GTA 5 Featured the Best Overall Cast of Characters in Rockstar History
Any discussion about the “best cast of characters in a Rockstar game” tends to be contentious. This is a studio famous for assembling large casts of wild characters and usually getting the perfect people to voice them.
The thing about GTA 5’s cast that stands out to me to this day, though, is how well-rounded it is. Maybe it features fewer throw-away characters designed to deliver a particular joke or embody an archetype, but that’s kind of what’s brilliant about it. If GTA 5’s cast isn’t “all killer, no filler,” then it comes closer to achieving that goal than any other GTA title.
At the very least, GTA 5 features a trio of protagonists who could have easily starred in their own GTA adventures. That’s an accomplishment that can’t be overlooked.
GTA 5 Featured the Best Collection of Missions
While GTA made a name for itself via open-world mayhem, the series’ narrative-driven main missions and thrilling side-missions often end up defining so many of our memories of these games. As we looked at in our retrospective on the best GTA missions ever, this series has gifted us with some of the best assignments in open-world gaming history.
GTA 5 distinguishes itself in that respect by raising the quality of the “average” GTA mission. Yes, there have been great standalone missions in GTA games of the past, but many of those early games relied on variations of simple fetch quests and other basic assignments to stretch out storylines. GTA 5 isn’t perfect in that respect, but more than any GTA game before (or any other Rockstar project) it finds a way to lend a bit of weight to whatever you’re doing and spice it up through some kind of twist or even just a memorable conclusion.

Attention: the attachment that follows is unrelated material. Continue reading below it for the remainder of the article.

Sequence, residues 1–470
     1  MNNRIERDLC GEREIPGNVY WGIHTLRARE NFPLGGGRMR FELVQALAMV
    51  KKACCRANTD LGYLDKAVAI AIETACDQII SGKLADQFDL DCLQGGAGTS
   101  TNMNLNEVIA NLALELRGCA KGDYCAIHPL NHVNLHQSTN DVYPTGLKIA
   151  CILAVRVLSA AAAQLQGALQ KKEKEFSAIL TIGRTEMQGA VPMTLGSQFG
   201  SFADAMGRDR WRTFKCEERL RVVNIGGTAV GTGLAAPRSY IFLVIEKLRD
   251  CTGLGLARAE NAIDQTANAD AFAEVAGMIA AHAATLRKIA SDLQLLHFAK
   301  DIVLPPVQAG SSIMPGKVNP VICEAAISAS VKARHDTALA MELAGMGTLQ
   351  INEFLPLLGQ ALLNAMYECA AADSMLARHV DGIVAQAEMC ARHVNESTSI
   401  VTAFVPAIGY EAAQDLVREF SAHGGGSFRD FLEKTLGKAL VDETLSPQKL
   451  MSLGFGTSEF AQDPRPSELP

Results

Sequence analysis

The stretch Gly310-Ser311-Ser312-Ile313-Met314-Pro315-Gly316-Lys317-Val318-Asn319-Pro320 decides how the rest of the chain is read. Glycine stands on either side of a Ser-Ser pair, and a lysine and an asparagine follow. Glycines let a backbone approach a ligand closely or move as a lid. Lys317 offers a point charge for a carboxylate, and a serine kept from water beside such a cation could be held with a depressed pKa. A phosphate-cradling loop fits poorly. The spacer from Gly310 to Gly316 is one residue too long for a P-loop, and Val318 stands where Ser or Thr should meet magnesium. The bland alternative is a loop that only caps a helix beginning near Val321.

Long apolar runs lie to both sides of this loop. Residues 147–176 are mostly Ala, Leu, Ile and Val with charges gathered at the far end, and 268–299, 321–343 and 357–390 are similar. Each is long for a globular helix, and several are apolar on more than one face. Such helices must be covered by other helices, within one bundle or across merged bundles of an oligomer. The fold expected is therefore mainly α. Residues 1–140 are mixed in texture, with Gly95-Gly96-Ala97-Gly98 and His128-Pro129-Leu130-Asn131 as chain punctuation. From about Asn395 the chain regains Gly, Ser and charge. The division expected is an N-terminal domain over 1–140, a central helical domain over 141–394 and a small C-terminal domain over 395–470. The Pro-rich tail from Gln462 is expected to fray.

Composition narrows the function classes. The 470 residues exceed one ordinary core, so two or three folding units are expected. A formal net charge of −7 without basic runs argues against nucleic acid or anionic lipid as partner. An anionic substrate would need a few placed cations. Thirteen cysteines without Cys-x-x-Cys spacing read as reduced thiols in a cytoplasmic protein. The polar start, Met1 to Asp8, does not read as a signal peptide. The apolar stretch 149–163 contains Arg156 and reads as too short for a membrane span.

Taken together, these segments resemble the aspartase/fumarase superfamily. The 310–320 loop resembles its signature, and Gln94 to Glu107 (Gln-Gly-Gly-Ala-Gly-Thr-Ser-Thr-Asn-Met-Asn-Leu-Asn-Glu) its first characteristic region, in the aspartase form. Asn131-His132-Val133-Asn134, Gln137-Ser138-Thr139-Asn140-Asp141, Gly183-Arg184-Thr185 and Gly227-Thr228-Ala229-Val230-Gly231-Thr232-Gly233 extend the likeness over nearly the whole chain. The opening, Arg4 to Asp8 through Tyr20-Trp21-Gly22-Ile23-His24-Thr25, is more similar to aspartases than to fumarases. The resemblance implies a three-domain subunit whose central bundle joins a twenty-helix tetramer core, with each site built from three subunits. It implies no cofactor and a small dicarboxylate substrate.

Of course, GTA 5’s heists represent the absolute best of GTA mission design and should serve as the rough template for whatever comes next.
GTA 5’s Map and World Are the Best in Series History
When GTA 5’s map was first leaked online, there were those who noted that it seemed far less substantial than GTA: San Andreas’ world (which featured three distinct cities as well as rural connecting areas). Others said that there was just no way that GTA 5 could hope to match that living city that GTA 4 emphasized like no other game before it.
While GTA 5 is indeed larger than previous GTA games from a statistical standpoint, it’s the ways that the game’s map and world emphasize the little things along the way that truly make it stand out. There’s a little something in nearly every bit of GTA 5’s map that helps distinguish it from the rest. That something may be little more than a beautiful stretch of highway that connects two key locations, but Rockstar found a way to inject more of GTA 5’s map with genuine personality.
I’d say Red Dead Redemption 2 comes close to topping GTA 5 in that respect, but the difference is certainly debate. Speaking of RDR 2…
GTA 5 Felt More Like a “Rockstar” Game Than Red Dead Redemption 2
I love RDR 2 and will always defend it against those who say it’s too slow, too awkward, or just too different than Red Dead Redemption. However, when it comes to the debate over whether Red Dead Redemption 2 lost those trademark “Rockstar elements,” it becomes a bit harder to defend that game.
Much like GTA 4, RDR 2’s methodical design is hindered slightly by the realization that an otherwise impressive effort is being made by a company battling its instincts and trying to break out of its comfort zone. I believe RDR 2 succeeds (for the most part) in that pursuit, but there is certainly something to be said for the ways that GTA 5 tells a more refined story that still captures the sarcastic and outlandish voice of the studio that created it.
Rockstar was right to challenge themselves with RDR 2, and I suspect GTA 6 will borrow heavily from that game. However, it’s hard to overlook the ways that GTA 5 pulled from the best of both storytelling worlds.